Stuffed vegetables are a central part of the Jewish culinary canon, but growing up I thought they were limited to cabbage and peppers. Only when I moved to Israel did I come to appreciate the sheer multitude of vegetables that can be stuffed — peppers and cabbage yes, but also tomatoes, zucchini, carrots, eggplant, onions, and more. Of all of them it was the stuffed onions that were a true revelation, those delicate, tear-inducing layers wrapped around sweet and savory mixtures of meat and stewed until rich and tender.
Not in the way you might think—I wasn’t standing over a cutting board, knife in hand, sobbing my way through an extended dicing activity. The onions that made me cry were whole, bagged and stacked about 5 feet high, in a small village in Western Senegal, where I was travelling with American Jewish World Service.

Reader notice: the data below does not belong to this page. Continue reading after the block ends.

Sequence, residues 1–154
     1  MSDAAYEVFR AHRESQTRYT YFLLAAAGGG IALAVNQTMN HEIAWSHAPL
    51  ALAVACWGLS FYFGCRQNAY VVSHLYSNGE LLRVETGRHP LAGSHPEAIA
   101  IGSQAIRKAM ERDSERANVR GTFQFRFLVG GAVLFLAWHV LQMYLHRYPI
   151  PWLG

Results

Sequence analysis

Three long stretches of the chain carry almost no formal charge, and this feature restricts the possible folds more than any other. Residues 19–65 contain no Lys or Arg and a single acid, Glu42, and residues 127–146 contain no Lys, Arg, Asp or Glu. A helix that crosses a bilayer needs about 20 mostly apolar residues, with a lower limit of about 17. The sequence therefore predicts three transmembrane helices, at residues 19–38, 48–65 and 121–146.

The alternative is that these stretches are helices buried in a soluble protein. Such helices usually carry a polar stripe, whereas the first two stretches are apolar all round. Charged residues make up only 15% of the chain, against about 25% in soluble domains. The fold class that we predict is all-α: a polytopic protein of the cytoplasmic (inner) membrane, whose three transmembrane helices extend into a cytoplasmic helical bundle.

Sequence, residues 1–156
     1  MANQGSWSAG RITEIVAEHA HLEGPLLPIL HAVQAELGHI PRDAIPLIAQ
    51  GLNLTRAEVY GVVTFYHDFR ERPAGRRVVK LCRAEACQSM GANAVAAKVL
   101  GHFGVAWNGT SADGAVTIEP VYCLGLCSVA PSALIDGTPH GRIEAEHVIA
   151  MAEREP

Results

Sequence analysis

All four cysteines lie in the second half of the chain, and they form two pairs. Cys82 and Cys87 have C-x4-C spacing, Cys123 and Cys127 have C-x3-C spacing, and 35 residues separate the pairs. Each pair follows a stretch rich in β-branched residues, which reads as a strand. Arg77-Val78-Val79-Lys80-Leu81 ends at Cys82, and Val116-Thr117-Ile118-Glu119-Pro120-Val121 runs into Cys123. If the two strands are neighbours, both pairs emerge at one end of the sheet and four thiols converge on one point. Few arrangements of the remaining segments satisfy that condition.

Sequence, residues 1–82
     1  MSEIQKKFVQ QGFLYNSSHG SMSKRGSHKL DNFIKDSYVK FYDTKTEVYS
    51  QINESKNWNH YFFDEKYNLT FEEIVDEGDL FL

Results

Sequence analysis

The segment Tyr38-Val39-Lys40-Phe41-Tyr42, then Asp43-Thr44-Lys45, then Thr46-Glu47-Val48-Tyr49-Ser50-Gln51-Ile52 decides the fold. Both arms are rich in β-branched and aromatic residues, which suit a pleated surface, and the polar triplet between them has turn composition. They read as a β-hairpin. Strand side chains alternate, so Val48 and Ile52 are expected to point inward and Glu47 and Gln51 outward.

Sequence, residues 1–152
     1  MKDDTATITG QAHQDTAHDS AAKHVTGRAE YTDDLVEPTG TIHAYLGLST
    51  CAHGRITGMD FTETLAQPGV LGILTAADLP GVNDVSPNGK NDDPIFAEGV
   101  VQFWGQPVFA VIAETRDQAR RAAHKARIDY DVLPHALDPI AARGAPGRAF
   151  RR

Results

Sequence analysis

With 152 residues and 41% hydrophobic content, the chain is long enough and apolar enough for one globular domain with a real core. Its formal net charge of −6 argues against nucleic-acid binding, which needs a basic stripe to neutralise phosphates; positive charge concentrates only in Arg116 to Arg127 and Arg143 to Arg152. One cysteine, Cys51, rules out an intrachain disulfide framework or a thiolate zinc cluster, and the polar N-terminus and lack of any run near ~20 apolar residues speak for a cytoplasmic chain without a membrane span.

Thanksgiving can be a tough time for a vegetarian. Sure there are a million delicious side acts to choose from, but the star of the show – that juicy, golden-brown turkey, straight out of Norman Rockwell’s fantasy – is strictly off limits. But that’s no reason for meat eaters to have all of the fun.